Ishmael notes that ambergris, a substance prized for its fragrance and used in perfumes the world over, is in fact derived “from the bowels of a sick whale.” Ishmael wonders if some parts of polite society would be shocked to know this, but he states that it makes sense to find something so “incorrupt” as this ambergris inside the body of a decaying animal—this, after all, is the way of life, and is also noted by Paul in the New Testament—that faith might be found in the wounded or lamed body of a faithful person. Ishmael also notes that, although it is a prevalent rumor, it is not in fact true that whales smell under most circumstances. Indeed, Ishmael counters that whales are mostly odorless, as is their oil—and this derives from the overall health of the whale, who spends its time swimming through the water, getting exercise, and bathing itself in the salt seas.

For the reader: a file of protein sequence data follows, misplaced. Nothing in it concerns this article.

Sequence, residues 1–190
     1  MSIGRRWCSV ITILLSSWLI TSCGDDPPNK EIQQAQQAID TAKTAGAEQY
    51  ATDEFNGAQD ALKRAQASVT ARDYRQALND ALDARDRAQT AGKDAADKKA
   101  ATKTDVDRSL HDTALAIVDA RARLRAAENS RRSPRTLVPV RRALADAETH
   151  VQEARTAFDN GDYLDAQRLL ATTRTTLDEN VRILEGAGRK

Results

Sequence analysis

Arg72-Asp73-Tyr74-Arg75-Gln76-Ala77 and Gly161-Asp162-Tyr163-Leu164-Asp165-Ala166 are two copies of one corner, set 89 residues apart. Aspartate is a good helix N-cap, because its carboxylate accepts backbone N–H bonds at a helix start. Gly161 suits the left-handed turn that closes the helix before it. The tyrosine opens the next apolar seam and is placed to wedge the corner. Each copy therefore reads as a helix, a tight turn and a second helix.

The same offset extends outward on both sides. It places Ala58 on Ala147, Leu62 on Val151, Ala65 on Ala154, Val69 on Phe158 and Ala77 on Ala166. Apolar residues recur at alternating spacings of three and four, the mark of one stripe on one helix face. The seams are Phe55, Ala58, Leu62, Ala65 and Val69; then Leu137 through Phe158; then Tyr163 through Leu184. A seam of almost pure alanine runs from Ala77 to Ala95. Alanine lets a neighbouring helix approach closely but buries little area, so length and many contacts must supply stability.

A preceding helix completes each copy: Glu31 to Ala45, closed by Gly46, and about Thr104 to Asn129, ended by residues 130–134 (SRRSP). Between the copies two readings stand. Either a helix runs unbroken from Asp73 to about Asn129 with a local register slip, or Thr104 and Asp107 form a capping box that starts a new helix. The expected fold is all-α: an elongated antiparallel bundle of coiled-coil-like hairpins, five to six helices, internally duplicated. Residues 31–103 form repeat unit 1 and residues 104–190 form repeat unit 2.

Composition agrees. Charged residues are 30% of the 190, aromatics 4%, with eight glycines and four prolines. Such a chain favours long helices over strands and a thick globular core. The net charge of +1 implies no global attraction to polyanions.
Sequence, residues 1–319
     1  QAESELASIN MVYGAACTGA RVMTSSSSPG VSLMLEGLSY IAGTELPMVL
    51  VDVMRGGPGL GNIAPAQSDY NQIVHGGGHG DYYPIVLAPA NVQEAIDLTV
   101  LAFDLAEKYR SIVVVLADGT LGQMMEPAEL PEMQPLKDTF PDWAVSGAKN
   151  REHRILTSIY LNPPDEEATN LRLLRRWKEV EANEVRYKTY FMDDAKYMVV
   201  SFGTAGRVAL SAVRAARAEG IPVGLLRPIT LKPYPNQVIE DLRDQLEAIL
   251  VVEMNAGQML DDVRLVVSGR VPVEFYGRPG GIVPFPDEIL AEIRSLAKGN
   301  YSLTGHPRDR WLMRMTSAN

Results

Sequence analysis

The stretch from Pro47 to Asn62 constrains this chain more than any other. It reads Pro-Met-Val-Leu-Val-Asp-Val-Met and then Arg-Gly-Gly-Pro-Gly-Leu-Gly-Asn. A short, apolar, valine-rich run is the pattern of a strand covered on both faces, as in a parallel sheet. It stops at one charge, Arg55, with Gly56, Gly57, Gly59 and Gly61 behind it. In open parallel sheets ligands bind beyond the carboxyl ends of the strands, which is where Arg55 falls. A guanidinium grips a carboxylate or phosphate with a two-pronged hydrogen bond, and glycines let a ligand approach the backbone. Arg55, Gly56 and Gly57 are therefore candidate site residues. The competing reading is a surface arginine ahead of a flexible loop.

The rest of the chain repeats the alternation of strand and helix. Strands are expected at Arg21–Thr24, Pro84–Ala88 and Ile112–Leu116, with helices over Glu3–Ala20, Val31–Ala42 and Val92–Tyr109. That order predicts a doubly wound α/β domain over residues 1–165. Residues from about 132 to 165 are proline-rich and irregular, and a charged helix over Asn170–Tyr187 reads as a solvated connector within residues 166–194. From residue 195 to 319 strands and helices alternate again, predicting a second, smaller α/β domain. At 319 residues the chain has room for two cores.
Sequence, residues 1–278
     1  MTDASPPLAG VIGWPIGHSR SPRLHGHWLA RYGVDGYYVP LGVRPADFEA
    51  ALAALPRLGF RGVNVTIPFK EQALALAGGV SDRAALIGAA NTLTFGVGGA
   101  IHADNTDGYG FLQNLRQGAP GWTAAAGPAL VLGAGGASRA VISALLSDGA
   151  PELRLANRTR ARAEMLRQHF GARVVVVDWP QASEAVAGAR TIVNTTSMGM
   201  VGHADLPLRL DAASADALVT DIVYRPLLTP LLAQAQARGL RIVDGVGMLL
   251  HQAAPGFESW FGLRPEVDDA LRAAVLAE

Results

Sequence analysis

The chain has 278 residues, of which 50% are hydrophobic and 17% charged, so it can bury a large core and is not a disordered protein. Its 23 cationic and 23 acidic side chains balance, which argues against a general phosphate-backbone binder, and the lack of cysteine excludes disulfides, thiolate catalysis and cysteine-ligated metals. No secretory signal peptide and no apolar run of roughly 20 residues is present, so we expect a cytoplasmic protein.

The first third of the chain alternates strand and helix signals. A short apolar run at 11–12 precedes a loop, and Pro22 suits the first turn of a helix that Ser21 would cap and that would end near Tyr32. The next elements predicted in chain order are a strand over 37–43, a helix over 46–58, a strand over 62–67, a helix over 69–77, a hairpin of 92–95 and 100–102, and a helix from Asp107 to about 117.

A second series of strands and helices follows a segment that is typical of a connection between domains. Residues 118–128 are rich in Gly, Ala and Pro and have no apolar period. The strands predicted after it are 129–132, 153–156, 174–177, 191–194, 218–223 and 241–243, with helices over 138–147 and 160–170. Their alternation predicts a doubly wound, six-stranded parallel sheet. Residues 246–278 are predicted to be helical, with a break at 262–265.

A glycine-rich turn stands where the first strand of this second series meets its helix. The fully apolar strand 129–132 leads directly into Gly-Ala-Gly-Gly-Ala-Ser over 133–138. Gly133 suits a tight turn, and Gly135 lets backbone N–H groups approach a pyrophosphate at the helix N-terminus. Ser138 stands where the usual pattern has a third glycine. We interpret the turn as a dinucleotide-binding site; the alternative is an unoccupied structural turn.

Ambergris is, quite simply, a crystalized version of the whale’s sperm oil, but this crystal form has a particularly strong smell, and was considered one of the great aromatic spices in the world. In the 19th century, these “spices” were of especial importance, since so much of life revolved around the covering-up of foul odors and bad smells—the result of urban living as cities grew rapidly, and as plumbing lagged behind the development of those cities. The ambergris harvested from this “sick” whale can be sold for a high price on the open market. Ishmael, of course, always interpreting, also sees moral and religious lessons in ambergris.